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1.
Microb Pathog ; : 105520, 2022 Apr 08.
Article in English | MEDLINE | ID: covidwho-1778376

ABSTRACT

Coronavirus disease 2019 (COVID-19), which is attributable to severe acute respiratory syndrome coronavirus 2 (SARS-CoV-2), has been causing a worldwide health issue. Airways colonization by Candida spp. is prevalent among patients on automatic ventilation in intensive care units (ICUs). This research aimed to ascertain the risk factors and roles of Candida spp. respiratory tract colonization, and Candida lung infection during the progression of COVID-19 pneumonia in critically ill patients. In total, Candida spp. were recovered in 69 from 100 immunosuppressed patients with COVID-19. Bronchoscopy was used to collect the Bronchoalveolar lavage (BAL) specimens. For the identification of Candida spp. PCR sequencing was done using the ITS1 and ITS4 primers. The amplification of the HWP1 gene was conducted to identify the Candida albicans complex. The antifungal activities of fluconazole, itraconazole, voriconazole, amphotericin B and caspofungin against Candida spp. were evaluated using the Clinical and Laboratory Standards Institute M60. In 63.77% of the patients, Candida respiratory colonization at D0 and D14 had no impact on the severity of COVID-19. In comparison to C. albicans strains, Candida respiratory disorder with C. glabrata had influenced the severity of COVID-19 for critically ill patients following adjustment for the risk factors of COVID-19 (P < 0.05). Amphotericin B and caspofungin showed superior activity against all Candida spp. All antifungal agents showed 100% sensitivity against the two C. africana strains. Our observation on patients who used automatic ventilation, respiratory colonization by Candida spp. was not seen to influence the infection or death caused by COVID-19. Amphotericin B and caspofungin showed superior activity against all Candida spp. and were recommended for the treatment regime of pulmonary candidiasis associated with COVID-19 infection. Although "Candida pneumonia" is rarely being reported in critically ill patients, Candida airway colonization mainly by Candida albicans is common especially among patients with diabetes, malignancies, and kidney disorders.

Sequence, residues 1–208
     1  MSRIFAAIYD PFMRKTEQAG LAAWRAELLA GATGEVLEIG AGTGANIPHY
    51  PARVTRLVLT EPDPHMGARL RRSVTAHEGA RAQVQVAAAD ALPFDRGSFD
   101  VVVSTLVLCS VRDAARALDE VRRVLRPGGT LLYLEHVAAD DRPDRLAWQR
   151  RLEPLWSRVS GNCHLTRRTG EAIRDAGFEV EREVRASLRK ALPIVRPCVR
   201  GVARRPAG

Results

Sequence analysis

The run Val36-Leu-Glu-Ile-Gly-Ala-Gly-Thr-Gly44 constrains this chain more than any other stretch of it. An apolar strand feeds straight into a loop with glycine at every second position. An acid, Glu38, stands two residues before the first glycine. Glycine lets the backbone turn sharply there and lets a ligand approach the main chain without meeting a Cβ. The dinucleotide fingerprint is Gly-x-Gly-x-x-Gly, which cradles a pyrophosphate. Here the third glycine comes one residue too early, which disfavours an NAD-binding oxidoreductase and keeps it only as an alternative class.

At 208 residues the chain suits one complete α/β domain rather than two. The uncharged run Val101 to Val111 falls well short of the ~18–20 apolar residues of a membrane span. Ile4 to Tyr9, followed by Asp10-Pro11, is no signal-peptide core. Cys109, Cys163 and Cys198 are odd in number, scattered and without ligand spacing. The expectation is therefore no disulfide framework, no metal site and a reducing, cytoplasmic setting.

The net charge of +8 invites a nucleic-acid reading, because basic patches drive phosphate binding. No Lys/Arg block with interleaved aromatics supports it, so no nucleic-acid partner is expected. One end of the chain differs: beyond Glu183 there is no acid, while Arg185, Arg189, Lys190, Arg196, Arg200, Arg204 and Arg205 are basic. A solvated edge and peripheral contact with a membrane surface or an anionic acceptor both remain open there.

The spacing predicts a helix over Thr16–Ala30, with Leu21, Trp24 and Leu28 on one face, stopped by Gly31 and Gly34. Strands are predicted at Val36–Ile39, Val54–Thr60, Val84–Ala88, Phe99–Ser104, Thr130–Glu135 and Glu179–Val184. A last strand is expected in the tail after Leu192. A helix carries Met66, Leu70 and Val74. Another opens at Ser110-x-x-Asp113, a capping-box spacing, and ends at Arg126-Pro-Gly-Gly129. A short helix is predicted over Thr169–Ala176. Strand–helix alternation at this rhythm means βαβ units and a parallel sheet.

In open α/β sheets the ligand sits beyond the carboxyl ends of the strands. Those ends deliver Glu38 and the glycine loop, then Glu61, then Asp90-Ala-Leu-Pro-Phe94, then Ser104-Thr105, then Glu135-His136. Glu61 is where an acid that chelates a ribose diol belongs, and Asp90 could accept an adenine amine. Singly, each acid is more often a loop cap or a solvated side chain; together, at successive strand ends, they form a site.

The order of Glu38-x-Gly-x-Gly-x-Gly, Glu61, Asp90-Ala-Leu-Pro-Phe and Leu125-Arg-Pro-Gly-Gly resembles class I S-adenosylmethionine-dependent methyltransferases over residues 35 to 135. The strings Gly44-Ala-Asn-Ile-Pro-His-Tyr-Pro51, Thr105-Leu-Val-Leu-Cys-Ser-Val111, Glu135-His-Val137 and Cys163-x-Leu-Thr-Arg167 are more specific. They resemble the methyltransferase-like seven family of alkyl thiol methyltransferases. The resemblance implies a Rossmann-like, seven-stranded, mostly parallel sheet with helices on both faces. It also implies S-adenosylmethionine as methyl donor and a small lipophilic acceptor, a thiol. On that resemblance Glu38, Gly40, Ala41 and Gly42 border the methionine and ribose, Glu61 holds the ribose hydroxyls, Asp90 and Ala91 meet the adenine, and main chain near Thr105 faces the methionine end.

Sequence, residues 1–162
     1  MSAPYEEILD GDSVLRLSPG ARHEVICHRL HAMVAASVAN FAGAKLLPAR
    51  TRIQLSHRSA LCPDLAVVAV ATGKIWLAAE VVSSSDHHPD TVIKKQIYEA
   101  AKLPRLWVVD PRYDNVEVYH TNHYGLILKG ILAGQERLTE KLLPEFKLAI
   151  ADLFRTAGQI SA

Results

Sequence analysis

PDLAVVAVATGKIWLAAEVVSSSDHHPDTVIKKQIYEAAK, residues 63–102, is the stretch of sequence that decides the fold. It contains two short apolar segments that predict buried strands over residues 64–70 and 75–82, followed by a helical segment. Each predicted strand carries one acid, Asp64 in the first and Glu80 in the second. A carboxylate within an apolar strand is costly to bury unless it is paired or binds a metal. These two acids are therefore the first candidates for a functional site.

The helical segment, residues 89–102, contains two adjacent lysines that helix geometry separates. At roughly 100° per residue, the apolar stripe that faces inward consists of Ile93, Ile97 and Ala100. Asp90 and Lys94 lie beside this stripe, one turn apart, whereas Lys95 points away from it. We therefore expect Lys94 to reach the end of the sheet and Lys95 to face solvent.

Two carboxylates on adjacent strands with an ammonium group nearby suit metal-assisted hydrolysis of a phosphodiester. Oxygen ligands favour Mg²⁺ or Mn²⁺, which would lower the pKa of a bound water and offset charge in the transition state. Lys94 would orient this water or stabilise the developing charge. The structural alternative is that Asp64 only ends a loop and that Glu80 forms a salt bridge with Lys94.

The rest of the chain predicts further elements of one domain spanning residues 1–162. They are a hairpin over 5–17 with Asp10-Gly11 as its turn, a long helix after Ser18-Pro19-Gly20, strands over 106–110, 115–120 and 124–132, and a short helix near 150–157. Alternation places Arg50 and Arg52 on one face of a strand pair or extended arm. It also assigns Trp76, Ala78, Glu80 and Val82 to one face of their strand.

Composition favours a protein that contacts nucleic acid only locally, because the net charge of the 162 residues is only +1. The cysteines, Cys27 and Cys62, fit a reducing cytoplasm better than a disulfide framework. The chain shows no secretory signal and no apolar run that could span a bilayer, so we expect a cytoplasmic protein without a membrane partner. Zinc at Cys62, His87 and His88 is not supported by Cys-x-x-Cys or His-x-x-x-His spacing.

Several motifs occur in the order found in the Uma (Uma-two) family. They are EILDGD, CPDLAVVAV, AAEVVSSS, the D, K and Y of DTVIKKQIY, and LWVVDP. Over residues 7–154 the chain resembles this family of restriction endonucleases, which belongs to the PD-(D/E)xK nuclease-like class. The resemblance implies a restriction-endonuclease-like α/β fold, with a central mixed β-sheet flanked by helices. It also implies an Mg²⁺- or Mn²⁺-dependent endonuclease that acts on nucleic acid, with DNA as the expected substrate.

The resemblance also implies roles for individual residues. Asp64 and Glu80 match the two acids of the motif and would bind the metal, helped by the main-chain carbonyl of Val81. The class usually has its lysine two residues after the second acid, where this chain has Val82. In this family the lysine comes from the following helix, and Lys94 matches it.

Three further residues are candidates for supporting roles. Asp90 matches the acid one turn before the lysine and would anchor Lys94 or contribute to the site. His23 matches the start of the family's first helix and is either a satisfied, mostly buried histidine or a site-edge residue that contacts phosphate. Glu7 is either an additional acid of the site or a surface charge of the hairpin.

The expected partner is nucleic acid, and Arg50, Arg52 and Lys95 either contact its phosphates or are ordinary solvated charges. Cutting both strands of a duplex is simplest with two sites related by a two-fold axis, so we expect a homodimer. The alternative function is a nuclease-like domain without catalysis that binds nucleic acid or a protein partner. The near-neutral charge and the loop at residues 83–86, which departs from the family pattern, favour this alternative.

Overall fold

2.
Int Immunopharmacol ; 95: 107522, 2021 Jun.
Article in English | MEDLINE | ID: covidwho-1385749

ABSTRACT

BACKGROUND: We examined the safety and efficacy of a treatment protocol containing Favipiravir for the treatment of SARS-CoV-2. METHODS: We did a multicenter randomized open-labeled clinical trial on moderate to severe cases infections of SARS-CoV-2. Patients with typical ground glass appearance on chest computerized tomography scan (CT scan) and oxygen saturation (SpO2) of less than 93% were enrolled. They were randomly allocated into Favipiravir (1.6 gr loading, 1.8 gr daily) and Lopinavir/Ritonavir (800/200 mg daily) treatment regimens in addition to standard care. In-hospital mortality, ICU admission, intubation, time to clinical recovery, changes in daily SpO2 after 5 min discontinuation of supplemental oxygen, and length of hospital stay were quantified and compared in the two groups. RESULTS: 380 patients were randomly allocated into Favipiravir (193) and Lopinavir/Ritonavir (187) groups in 13 centers. The number of deaths, intubations, and ICU admissions were not significantly different (26, 27, 31 and 21, 17, 25 respectively). Mean hospital stay was also not different (7.9 days [SD = 6] in the Favipiravir and 8.1 [SD = 6.5] days in Lopinavir/Ritonavir groups) (p = 0.61). Time to clinical recovery in the Favipiravir group was similar to Lopinavir/Ritonavir group (HR = 0.94, 95% CI 0.75 - 1.17) and likewise the changes in the daily SpO2 after discontinuation of supplemental oxygen (p = 0.46) CONCLUSION: Adding Favipiravir to the treatment protocol did not reduce the number of ICU admissions or intubations or In-hospital mortality compared to Lopinavir/Ritonavir regimen. It also did not shorten time to clinical recovery and length of hospital stay.